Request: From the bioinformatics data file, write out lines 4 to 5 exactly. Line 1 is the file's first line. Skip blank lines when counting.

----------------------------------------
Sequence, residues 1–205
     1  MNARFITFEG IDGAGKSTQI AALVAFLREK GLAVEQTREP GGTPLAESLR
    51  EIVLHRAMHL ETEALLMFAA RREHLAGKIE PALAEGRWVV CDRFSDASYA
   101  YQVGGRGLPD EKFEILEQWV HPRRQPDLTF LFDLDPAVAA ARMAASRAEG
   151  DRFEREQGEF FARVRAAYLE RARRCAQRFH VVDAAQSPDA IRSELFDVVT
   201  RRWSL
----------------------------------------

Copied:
   101  YQVGGRGLPD EKFEILEQWV HPRRQPDLTF LFDLDPAVAA ARMAASRAEG
   151  DRFEREQGEF FARVRAAYLE RARRCAQRFH VVDAAQSPDA IRSELFDVVT